Jacobs prepares for tough year

Acquisitions, contracts lead growth in difficult times

The past year has been all about growth for Jacobs Engineering Group Inc. The Pasadena, Calif.-based company added nearly 8,000 employees, made acquisitions all over the world and won large Defense Department and military contracts.

Those successes led to a backlog of nearly $17 billion, a 50 percent increase in net earnings to $420.7 million and revenue of $11.3 billion, a 33 percent increase from the previous year. Those numbers put Jacobs at No. 19 on this year’s Top 100 list with $1.6 billion in federal information technology contracts.

Company officials did not return phone calls for this article, but it’s safe to say that much of Jacobs’ success during the past year is attributable to key contract wins. One of the largest was a task-order contract from the Defense Information Systems Agency. Jacobs, one of 14 companies on the agency’s Encore II Information Technology Solutions contract, is providing network-centric solutions, including network engineering, analysis and support to various agencies, under the $12.2 billion deal.

Another large win for Jacobs was a $492 million contract from the Army to provide test and evaluation support to the Aberdeen Test Center at the Aberdeen Proving Ground in Maryland. The company, which has been providing such work to the Army since 2001, will be testing and evaluating a broad range of military weapons systems and equipment.

Jacobs also won a contract early in 2008 to provide engineering and technology acquisition support services to Hanscom Air Force Base in Massachusetts. The three-year, $480 million contract requires Jacobs to provide engineering and technical services to the Electronic Systems Center, which provides command-and-control and information systems to the Air Force.

The company’s 2008 growth also came from acquisitions, including buying a one-third share in AWE Management Limited, a joint venture between British Nuclear Fuels, Lockheed Martin Corp. and Serco to manage the Atomic Weapons Establishment on behalf of the U.K. Ministry of Defence. Jacobs also scooped up Rintekno, an engineering company in Finland, and L.E.S. Engineering Ltd., a maintenance, construction and services contractor in Grimsby, U.K.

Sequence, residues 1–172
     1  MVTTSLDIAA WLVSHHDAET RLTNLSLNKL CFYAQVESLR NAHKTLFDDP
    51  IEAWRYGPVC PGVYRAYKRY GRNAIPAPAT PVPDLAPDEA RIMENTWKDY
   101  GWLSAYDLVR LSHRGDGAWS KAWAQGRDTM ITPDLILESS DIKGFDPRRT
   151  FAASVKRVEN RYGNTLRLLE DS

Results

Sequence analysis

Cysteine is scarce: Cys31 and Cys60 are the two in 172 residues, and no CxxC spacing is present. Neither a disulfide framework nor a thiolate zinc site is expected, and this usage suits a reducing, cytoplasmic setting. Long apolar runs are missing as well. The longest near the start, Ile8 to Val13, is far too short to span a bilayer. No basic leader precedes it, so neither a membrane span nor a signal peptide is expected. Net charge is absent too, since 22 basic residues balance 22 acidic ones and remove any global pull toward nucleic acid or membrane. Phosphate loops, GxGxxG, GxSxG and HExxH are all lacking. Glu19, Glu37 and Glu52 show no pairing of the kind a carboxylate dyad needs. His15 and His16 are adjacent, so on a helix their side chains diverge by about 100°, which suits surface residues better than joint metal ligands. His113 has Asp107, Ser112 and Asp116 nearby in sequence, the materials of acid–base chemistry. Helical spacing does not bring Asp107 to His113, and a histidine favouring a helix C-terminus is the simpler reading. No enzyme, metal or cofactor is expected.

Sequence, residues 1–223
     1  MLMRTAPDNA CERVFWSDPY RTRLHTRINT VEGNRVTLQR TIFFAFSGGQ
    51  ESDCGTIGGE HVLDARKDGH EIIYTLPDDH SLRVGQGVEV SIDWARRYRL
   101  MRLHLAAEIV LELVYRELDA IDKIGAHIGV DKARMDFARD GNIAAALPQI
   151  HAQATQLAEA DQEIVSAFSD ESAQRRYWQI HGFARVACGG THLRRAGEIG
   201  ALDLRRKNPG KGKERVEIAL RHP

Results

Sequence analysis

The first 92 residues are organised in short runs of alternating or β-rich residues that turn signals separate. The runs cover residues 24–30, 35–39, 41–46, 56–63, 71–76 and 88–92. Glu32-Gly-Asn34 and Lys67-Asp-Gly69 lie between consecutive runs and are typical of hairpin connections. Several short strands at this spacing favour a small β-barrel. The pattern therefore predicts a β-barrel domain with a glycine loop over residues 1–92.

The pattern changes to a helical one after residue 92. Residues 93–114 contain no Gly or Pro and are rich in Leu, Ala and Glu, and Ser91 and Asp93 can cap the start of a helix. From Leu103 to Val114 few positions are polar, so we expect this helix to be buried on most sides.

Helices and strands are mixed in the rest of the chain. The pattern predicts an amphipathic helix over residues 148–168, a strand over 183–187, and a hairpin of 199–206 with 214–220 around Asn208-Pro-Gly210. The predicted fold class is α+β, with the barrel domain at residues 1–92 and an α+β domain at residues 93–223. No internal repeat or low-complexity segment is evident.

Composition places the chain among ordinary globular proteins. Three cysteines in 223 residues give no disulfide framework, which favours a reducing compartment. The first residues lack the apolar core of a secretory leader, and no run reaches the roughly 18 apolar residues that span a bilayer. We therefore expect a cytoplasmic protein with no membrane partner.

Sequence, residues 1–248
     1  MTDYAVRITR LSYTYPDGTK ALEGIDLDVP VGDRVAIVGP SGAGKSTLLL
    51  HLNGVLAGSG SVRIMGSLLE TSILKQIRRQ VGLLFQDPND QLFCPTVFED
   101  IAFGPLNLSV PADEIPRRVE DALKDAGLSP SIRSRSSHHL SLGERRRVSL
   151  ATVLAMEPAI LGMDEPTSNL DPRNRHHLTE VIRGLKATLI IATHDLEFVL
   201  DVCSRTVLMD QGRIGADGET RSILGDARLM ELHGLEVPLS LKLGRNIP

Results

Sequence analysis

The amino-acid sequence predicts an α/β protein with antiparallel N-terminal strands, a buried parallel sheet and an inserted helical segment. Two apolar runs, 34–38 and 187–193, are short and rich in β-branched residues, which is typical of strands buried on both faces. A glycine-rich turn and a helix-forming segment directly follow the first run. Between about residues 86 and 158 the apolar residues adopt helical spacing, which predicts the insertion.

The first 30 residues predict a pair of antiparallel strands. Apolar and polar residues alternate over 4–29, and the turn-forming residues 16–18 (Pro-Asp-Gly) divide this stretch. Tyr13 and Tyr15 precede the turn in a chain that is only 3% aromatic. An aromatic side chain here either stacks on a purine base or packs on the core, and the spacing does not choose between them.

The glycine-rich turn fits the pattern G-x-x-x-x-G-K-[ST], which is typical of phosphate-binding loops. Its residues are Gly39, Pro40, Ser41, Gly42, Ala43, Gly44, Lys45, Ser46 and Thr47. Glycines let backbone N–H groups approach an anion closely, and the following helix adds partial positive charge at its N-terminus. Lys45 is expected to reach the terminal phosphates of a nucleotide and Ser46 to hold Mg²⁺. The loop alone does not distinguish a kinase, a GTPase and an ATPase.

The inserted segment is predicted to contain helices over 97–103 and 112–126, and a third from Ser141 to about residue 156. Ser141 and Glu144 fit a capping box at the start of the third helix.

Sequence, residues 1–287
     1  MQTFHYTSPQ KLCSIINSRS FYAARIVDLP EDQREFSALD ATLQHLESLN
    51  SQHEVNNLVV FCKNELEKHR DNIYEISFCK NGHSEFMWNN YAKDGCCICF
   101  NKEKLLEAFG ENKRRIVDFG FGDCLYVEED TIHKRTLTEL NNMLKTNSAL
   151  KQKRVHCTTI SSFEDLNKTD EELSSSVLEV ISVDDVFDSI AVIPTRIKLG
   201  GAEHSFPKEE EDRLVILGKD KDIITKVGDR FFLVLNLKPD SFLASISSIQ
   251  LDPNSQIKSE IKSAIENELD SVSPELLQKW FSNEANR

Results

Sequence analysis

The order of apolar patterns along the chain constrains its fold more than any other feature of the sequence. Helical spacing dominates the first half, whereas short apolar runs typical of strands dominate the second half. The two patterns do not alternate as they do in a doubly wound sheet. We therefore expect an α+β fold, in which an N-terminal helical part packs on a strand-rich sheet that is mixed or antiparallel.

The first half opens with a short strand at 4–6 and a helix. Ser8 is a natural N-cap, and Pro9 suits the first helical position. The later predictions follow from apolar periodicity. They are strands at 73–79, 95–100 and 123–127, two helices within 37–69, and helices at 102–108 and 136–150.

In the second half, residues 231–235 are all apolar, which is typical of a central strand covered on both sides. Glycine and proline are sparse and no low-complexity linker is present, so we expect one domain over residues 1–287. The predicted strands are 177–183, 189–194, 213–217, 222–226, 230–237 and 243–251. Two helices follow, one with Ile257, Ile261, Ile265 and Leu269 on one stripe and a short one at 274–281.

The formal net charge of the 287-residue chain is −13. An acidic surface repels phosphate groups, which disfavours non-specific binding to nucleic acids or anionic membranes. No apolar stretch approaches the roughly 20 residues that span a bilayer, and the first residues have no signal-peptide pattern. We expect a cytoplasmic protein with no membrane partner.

In addition to acquisitions, Jacobs continued to solidify its international presence with several contract wins for large construction projects. The General Directorate hired the company for National Roads and Motorways in Poland to provide consulting and construction supervision services. The $17.6 million contract supports the widening of a national road in central Poland. The company is also providing engineering, procurement and construction management services for a new fungicide manufacturing plant in Grangemouth, Scotland.

Like many companies, Jacobs is bracing for a tough 2009. The year started with an offer by TRC Capital Corp., a merger and acquisition consulting firm, to buy 2 million shares of Jacobs’ common stock, which would be less than 2 percent of the company’s outstanding shares. In a statement, the company declined to make a recommendation to its shareholders and noted that the offer to buy the shares at $42.50 a share was lower than what the stock was trading at the day before the offer was made. The stock now trades at about $40 a share.

The company recently announced that net earnings fell 6 percent between the first quarter and second quarter of this year, something that hasn’t happened in 15 quarters, according to a statement.

“Going forward, we expect the markets to remain complex,” said Craig Martin, president and chief executive officer of Jacobs, in a statement. “Our public-sector business remains strong, while the heavy process business is highly uncertain.”

More stats on Jacobs.

About the Author

Tania Anderson is a contributing writer to Washington Technology.

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